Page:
Join us this Sunday! In-Person 9:00am & 10:45am, Online 9:00am, 10:45am & 5:00pm

Join us this Sunday! In-Person 9:00am & 10:45am, Online 9:00am, 10:45am & 5:00pm

Join us at the next Sunday worship service:
9:00am & 10:45am,
Online 9:00am, 10:45am & 5:00pm

A Loaded Question

“Humble yourselves, therefore, under the mighty hand of God so that at the proper time he may exalt you, casting all your anxieties on him, because he cares for you.’ – 1 Peter 5:6-7.

Mutual submission – what does it mean and better yet, how can I apply it in my life? In simple terms, mutual submission means “I’m going to leverage my resources, my time, my talent, etc. for your benefit.” Regardless of who we are or what role we have, this is God’s standard for relationships. So what is it all about and how do I go about doing that?

This question will help: ”What can I do to help?” This is a game changer, especially if everyone in the family adopts this mindset. Stop for moment for this mental picture: one of your kids comes up to you and says, “Hey Mom, hey Dad, what can I do to help?” Your immediate thought is, “who is this kid, and what have you done with my son?” After the initial shock, you smile. You look at your wife who has accidentally swallowed her gum. You decide there is hope for the world after your generation is gone after all. You decide to try it and ask your son or daughter, “What can I do to help?” For the first time in years, they turn off their electronic devices and you have their rapt attention. For the first time in a long time you are communicating. Wow.

Then conjure up a mental picture of wives, rather than being unintentionally critical, ask, “what can I do to help?” Suddenly, the husband drops his remote control and by doing so turns off the football game in the middle of the biggest comeback in collegiate history. By asking that question, you are telling your husband that “I am aware of your responsibility, the burden you carry.” It tells him that you value, affirm, and respect him. If the husband asked the wife the same question, she would be no less surprised. She may look a little closer and then ask quietly, “we have been married for 17 years and I don’t know you.” But when you ask that question, you are telling her that you are here for her, that you love and appreciate her. If you make a habit of asking the question, she will feel secure, cared for and cherished.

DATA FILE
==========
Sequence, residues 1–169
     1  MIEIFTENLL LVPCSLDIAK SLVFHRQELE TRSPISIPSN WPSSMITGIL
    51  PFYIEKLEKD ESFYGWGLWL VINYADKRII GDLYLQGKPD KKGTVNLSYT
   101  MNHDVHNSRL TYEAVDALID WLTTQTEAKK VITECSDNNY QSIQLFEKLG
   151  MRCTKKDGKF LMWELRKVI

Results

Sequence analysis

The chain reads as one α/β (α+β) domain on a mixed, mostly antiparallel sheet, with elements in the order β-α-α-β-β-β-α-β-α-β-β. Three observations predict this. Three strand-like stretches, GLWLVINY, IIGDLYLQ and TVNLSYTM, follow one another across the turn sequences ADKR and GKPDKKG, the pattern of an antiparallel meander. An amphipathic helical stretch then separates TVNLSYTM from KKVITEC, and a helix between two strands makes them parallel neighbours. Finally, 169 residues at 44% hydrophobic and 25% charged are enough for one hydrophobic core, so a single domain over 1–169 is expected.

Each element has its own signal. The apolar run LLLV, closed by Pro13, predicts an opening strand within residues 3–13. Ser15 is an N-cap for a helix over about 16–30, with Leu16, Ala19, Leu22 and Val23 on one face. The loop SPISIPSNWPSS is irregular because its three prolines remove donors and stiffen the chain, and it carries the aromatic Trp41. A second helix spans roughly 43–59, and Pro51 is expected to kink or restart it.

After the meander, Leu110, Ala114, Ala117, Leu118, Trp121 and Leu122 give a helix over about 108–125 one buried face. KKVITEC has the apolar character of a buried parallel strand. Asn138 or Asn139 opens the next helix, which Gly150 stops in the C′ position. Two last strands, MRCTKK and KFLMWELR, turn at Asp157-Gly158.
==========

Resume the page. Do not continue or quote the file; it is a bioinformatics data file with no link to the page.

The reason we don’t submit and our relationships are not as healthy as they could be is because of fear. We are afraid of the answer. Or we are afraid someone is going to take advantage of us or we won’t be king of the castle anymore. We are afraid it will cost us time, resources, prestige and maybe even jeopardize the good thing we have going on. We are afraid it will cost us something, so why risk it if the status quo is fine already.

Ephesians 5:21 gives us the answer: “submitting to one another out of reverence for Christ.” Paul, in that context, is telling us, “out of reverence for Christ, open yourself up to help others, and yes they may take advantage of you, and yes you’ll have to put someone else first, and yes it will cost you.”  But it will not cost you your life as it did Jesus.  And Jesus is the model of mutual submission.

Discussion Questions:

  1. In marriage, what does mutual submission look like? What part do you play in that?
  2. What is the difference between obedience and submission?
  3. What moments in Jesus’ life can you recall that demonstrate a choice of submission to another? How does knowing this make you more willing to practice submission?
  4. What are some practical ways that husbands can love their wives as themselves?